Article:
The Powerine stations, that operated in the Los Angeles area since that time, have nothing to do with the Cramer family or Jersey Standard/Exxon. They were operated by what had been the Rothchild Oil Company. Rothchild simply changed their name and re-registered the Powerine name when it was abandoned by Exxon in 1972. Definitely not to be confused with the Rocky Mountain Powerine. The artwork on their colorful cans has electrons orbiting around a large atom, with their name in the nucleus. The porcelain pump plates were a simple white background with red lettering.
The PowerLube porcelain signs are out there in number, and are very popular and sought after by collectors. The rare thing to find is a PowerLube or Powerine sign in excellent or better condition. There is the story of an irrigation ditch discovered outside of Pueblo, CO that was lined with Power-Lube signs. The owner sold them to a scrap metal dealer, and they were probably destined to be melted down at the big C.F.&I. steel refinery in Pueblo. A sign collector found them in the scrap yard, and was literally buying Power-Lube signs by the pound! He hauled them out to Iowa Gas, and resold them all to other sign collectors. I think that is why so many signs you see have that “white haze” damage, which will almost never buff out. They were once one of the many ditch signs, submerged underwater years ago, and oxidized with age. Another PowerLube sign discovery has surfaced recently on Ebay. The seller is putting about one sign a week up for auction, and has been selling them for quite a few weeks, maybe months. Soon we will here the story behind this great find!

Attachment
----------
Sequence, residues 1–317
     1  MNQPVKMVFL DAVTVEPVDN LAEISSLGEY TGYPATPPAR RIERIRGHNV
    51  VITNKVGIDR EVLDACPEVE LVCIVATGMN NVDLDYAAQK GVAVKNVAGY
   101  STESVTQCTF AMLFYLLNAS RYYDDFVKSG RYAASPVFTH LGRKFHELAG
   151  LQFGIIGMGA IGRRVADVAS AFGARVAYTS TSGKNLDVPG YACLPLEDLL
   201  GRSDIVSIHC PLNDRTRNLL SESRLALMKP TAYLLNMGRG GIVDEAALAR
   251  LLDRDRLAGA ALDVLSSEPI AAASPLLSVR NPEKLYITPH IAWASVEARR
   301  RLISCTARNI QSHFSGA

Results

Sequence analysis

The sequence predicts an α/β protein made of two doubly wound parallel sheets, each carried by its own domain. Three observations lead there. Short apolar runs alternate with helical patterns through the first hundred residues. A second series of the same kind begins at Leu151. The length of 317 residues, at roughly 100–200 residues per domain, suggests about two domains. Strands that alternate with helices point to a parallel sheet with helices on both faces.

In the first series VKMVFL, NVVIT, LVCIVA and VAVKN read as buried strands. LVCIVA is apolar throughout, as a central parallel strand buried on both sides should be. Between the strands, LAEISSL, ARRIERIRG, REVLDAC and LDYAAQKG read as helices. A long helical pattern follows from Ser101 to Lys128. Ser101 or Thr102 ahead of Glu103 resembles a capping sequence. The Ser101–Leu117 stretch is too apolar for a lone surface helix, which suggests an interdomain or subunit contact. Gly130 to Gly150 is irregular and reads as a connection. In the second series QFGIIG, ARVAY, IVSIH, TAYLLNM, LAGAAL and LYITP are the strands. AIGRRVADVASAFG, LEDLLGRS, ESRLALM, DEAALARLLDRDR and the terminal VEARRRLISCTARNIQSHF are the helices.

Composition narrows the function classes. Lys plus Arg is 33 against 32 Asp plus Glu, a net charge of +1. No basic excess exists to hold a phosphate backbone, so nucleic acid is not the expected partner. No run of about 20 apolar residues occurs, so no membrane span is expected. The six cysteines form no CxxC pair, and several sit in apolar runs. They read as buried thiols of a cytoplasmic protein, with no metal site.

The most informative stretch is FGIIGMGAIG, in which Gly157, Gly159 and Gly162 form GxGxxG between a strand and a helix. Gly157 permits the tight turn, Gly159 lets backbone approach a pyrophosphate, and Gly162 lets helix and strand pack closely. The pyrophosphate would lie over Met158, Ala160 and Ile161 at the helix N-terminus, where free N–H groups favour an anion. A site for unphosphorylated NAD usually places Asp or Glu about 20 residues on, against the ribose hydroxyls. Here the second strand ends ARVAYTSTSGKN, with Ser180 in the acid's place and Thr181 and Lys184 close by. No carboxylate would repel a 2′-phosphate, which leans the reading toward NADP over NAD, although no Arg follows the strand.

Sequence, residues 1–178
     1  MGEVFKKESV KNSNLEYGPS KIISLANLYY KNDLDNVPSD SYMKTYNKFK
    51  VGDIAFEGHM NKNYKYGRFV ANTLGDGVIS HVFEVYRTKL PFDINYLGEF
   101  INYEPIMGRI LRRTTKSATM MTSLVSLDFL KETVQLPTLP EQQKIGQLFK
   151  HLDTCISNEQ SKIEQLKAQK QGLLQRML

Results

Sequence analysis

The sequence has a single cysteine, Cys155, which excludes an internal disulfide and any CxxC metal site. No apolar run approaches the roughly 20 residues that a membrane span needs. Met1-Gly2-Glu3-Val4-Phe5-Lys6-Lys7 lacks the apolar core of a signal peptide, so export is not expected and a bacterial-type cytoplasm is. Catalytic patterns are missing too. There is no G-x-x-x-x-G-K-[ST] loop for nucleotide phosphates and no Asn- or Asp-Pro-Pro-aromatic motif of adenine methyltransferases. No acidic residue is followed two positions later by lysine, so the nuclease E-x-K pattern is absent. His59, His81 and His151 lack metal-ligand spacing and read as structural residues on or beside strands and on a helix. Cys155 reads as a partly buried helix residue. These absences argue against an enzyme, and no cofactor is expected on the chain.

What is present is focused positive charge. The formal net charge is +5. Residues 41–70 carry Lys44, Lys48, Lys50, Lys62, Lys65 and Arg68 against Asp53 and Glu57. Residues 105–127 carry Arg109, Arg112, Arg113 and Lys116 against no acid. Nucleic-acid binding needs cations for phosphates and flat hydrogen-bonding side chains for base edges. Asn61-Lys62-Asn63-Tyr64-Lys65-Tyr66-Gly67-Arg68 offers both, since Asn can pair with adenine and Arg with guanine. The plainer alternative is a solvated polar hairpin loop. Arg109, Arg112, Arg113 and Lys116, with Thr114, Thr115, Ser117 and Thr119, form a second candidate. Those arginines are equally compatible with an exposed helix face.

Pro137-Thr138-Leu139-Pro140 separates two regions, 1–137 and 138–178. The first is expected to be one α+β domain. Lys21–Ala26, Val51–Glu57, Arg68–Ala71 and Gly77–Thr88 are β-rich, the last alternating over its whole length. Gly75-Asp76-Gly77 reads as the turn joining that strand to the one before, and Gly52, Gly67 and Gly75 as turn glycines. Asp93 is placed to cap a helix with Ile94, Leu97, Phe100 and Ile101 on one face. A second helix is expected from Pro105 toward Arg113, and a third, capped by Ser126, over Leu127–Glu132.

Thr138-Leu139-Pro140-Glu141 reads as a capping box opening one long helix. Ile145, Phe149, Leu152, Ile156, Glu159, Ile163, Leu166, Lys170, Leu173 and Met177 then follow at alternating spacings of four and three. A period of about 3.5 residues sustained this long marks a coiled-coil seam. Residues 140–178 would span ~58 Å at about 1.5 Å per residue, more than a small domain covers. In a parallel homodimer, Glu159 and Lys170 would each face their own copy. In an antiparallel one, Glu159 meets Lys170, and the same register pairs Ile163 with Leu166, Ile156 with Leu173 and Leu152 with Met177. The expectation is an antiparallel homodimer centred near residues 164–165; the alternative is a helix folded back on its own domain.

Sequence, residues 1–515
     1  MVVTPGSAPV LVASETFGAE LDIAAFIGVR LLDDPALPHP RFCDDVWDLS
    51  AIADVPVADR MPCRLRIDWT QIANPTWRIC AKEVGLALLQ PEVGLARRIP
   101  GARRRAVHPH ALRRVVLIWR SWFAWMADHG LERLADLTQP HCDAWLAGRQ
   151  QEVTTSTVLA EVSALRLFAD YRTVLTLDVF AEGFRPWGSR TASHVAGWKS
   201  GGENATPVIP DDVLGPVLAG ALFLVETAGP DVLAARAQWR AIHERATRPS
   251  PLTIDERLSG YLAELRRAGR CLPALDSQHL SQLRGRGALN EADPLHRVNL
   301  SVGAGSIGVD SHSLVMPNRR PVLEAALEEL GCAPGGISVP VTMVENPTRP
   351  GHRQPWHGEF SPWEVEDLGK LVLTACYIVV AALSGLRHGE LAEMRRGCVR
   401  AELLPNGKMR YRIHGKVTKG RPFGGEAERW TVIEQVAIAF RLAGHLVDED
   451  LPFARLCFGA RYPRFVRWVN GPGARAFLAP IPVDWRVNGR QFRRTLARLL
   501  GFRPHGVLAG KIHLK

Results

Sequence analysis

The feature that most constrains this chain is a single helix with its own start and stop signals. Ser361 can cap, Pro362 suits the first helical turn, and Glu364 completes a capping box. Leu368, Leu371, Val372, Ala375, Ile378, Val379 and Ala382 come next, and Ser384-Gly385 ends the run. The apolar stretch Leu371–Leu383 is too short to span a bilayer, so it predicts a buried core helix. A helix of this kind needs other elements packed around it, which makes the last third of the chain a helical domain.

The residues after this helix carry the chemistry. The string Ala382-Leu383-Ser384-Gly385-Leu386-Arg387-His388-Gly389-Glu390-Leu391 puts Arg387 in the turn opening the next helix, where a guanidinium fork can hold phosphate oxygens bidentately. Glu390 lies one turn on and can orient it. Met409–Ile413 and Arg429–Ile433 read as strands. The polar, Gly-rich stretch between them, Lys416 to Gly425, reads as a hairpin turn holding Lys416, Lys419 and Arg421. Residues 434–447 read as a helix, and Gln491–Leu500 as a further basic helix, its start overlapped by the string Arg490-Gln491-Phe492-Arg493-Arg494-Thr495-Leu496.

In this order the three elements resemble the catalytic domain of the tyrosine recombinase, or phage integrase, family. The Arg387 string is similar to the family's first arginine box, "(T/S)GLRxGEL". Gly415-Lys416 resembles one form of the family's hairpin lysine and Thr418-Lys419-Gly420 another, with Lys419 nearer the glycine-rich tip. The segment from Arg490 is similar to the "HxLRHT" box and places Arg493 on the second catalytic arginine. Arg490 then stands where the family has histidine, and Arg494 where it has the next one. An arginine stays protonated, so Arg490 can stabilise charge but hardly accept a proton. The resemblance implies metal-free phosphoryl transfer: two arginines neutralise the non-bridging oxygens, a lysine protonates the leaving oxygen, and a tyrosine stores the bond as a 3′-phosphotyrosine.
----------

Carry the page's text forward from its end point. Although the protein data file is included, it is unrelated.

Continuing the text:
The common porcelain signs were made by at least 2 different manufacturers, the Wolverine Porcelain Company (with white-outlined letters) and the ENESCO Company (without the white-outlining). The common size is the 24”x28” two-sided sign. They also made a reflector-ized tin sign, in that same size, which was used as a curb sign. An original curb sign in it's wrought iron frame was discovered at the annual Big-3 Swap Meet in San Diego, at the Charger Stadium. It is held every February. There was also a small embossed, one-sided tin sign from the Cork & Badge Company, St.Louis, MO, however, to date only one sign known to exist. An interesting Ebay find!
Beware of the tin and porcelain signs from the AAA-Sign Company!!! They are all Reproductions, no matter how beat up they are! For that matter, never buy a sign from the Desperate Sign Company either! All Repros!
The most beautiful would probably be the big 3ft by 5ft 2-sided porcelain dealership sign. It is hard to find in excellent condition or better, but What a Sign! There are several versions of the larger sign; however there are only a very limited number of big signs known to exist. It is not known who the maker was, however it looks like the work of the Wolverine Co. There is a double-sided version with white outline and one without outlined letters, as well as a single sided version without the white outline. There were also differences in that some have grommet or holes for hanging and some where hung in a bracket without any holes at all. There was a discovery of several of these 3x5 signs that were used to line the floor of a root cellar in Colorado that was being remodeled. Lucky find!